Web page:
The film opens in 1881 with Wilde (Stephen Fry) visiting the Matchless Mine in Colorado, where he gives a reading to some young shirtless miners down the shaft. They listen politely, laugh at the bon mots, just like undergraduates at an Atwood reading. Believable? Hardly. If Lord Queensberry is an illiterate, then these young miners must also be illiterate. There's an idealized, bogus feel to this scene... and perhaps a missed opportunity to presage the antagonism that later marks Wilde's career.
in the garden of the Selfish Giant
The action then reverts to London, follows Wilde's marriage, his rise in Fortune as an author... and his engagement in homosexual promiscuity. The production is a bit uncertain until "Boisie" (Jude Law) appears, perhaps because the previous action is mostly a summary. As a person, Boisie runs hot and cold, like an animal who licks you one moment, bites you the next. Unlike the other young men in Wilde's cadre, Boisie is a pure aristocrat, who carries on like an understudy for Caligula, cursed by the homophobic rage of his father which in turn blights his sensitive, female nature.
"When I'm dead, cremate me" (Lord Queensberry)
The key scenes between Wilde and Queensberry are extremely good, especially the one at the restaurant where they meet face to face for the first time. Openly hostile, Queensberry joins Wilde at his table, discusses religion, appears to have a meeting of the minds. But opinions are merely a means of cataloguing heresies for the anti-intellectual Queensberry, the sadist who rides with a whip, regardless of who or what he is mounting.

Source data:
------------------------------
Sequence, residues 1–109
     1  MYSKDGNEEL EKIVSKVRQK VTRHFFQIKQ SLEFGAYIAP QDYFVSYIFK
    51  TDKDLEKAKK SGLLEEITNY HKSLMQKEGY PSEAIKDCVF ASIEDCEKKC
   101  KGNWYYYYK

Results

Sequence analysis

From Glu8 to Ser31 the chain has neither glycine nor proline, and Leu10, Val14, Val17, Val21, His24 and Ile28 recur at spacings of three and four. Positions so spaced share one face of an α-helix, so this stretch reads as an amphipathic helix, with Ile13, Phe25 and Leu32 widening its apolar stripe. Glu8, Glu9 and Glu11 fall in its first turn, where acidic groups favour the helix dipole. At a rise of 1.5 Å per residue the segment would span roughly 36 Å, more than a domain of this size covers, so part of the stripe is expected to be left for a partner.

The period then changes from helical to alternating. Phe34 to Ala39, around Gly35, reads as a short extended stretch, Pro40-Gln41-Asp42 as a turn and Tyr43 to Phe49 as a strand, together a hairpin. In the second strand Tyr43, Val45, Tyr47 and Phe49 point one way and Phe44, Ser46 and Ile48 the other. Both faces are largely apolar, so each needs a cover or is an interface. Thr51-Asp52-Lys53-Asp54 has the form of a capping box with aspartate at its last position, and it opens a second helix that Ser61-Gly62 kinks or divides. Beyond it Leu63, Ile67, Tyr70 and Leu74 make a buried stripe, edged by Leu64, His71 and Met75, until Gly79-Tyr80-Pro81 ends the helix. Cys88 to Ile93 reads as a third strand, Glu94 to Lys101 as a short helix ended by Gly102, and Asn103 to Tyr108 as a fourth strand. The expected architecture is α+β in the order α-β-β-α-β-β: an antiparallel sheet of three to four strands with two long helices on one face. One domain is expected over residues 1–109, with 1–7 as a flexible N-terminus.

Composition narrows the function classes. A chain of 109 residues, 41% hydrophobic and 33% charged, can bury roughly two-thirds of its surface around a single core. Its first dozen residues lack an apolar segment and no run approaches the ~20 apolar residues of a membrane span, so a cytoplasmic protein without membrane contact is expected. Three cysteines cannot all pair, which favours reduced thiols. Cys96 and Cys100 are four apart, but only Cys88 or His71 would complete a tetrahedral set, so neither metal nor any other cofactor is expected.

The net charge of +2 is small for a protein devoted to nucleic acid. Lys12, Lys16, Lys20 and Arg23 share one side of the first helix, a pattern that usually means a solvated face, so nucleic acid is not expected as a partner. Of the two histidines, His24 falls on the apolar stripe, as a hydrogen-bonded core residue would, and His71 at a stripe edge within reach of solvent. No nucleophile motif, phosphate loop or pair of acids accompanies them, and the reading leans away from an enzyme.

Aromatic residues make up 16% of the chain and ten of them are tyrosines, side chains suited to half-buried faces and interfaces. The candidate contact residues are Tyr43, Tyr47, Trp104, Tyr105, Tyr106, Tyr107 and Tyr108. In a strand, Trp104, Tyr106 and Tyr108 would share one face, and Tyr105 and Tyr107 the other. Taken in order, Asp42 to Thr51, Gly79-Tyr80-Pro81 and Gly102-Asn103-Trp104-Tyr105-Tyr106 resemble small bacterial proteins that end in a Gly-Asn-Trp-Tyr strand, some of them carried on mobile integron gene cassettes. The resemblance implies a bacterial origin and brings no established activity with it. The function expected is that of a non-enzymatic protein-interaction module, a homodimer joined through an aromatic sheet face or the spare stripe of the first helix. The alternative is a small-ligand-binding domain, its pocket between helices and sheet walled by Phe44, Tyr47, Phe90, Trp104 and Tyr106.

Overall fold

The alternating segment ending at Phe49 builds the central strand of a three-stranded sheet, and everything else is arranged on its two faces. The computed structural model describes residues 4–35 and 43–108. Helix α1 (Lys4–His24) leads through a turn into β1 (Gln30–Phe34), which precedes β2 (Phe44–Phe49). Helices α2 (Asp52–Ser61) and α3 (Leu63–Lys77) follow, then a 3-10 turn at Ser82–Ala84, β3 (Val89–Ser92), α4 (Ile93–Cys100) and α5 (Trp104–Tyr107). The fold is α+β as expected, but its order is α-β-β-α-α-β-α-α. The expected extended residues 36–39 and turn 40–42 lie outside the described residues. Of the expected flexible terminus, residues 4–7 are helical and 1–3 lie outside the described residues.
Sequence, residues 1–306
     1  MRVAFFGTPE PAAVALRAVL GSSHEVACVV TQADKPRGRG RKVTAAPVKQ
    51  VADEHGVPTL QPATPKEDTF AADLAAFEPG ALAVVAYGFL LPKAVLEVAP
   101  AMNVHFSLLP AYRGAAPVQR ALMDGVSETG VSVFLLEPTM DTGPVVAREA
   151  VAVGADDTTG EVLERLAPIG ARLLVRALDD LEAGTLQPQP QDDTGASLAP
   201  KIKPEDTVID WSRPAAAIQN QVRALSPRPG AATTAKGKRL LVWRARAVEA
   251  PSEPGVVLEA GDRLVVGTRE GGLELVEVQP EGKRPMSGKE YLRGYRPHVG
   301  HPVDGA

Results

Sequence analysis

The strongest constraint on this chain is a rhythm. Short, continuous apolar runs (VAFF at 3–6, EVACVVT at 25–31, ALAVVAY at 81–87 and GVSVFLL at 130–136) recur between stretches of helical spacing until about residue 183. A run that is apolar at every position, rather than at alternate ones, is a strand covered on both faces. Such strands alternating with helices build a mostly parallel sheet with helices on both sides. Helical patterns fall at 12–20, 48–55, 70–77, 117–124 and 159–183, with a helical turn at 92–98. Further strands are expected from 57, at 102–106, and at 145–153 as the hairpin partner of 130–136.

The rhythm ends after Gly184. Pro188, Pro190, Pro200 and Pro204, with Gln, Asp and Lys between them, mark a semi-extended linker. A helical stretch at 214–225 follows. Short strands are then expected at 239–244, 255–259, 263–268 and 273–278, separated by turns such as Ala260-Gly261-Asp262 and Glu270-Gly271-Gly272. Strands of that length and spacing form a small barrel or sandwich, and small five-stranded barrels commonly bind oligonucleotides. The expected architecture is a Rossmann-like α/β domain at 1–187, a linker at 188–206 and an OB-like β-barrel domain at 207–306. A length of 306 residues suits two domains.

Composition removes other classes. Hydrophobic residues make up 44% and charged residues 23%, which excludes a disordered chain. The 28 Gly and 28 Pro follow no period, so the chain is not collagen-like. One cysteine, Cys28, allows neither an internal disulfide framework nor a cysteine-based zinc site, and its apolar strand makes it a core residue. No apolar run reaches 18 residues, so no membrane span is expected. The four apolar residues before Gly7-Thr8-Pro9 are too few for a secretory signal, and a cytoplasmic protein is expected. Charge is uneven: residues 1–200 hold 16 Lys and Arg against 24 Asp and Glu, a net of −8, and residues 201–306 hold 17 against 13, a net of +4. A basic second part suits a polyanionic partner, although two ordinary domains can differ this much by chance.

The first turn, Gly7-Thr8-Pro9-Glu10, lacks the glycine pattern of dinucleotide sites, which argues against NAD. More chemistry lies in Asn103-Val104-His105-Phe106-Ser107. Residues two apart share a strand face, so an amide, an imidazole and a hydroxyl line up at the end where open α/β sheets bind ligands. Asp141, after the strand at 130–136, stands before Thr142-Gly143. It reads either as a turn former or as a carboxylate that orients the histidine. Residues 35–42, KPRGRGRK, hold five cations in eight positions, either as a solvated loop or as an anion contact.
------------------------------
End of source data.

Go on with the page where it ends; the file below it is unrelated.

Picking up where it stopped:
The action becomes a Roman farce, in which women are acted by boys and the real women are marginalized to being off-stage spectators. The problem with writing history is that everyone expects his perception of the events to be realized. Understandably, the Gilbert/Mitchell version of the Oscar Wilde story exploits voyeurism because, well, you can do that sort of thing today... but how many sex scenes are needed? It seems to be edited for propaganda rather than dramatic necessity.